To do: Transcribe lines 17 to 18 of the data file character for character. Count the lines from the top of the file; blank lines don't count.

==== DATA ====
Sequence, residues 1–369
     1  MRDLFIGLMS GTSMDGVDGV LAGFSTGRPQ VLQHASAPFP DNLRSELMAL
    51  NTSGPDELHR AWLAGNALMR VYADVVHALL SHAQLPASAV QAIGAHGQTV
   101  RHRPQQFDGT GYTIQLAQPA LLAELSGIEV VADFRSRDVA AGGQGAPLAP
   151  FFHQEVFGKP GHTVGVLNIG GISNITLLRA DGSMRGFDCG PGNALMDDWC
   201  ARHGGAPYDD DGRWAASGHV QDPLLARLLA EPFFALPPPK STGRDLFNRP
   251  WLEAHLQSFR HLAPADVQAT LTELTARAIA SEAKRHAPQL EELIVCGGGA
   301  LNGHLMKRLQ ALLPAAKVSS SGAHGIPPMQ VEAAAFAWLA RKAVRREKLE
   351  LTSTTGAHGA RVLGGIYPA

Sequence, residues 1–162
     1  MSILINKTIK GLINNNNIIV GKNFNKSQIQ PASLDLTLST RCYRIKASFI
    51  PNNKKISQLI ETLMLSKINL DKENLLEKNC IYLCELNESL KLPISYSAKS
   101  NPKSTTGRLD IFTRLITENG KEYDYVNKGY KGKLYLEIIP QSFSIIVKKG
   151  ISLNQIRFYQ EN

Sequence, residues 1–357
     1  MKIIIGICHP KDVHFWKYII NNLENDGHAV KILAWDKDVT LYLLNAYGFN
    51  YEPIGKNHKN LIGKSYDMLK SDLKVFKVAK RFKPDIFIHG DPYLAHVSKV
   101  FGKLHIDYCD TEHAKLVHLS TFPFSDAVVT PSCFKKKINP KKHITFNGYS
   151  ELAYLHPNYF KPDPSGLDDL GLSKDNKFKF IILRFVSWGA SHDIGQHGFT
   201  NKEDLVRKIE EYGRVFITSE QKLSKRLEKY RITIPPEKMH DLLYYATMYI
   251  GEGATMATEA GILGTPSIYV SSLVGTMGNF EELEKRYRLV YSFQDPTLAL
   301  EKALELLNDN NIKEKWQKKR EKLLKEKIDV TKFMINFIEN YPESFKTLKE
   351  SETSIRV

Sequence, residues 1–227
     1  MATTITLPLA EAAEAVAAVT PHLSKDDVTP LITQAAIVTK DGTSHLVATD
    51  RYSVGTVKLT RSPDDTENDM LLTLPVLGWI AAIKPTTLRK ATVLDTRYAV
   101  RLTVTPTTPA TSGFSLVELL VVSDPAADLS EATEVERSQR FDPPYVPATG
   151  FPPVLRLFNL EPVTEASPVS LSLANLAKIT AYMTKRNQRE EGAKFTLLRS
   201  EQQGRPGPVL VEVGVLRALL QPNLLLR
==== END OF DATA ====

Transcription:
    51  YEPIGKNHKN LIGKSYDMLK SDLKVFKVAK RFKPDIFIHG DPYLAHVSKV
   101  FGKLHIDYCD TEHAKLVHLS TFPFSDAVVT PSCFKKKINP KKHITFNGYS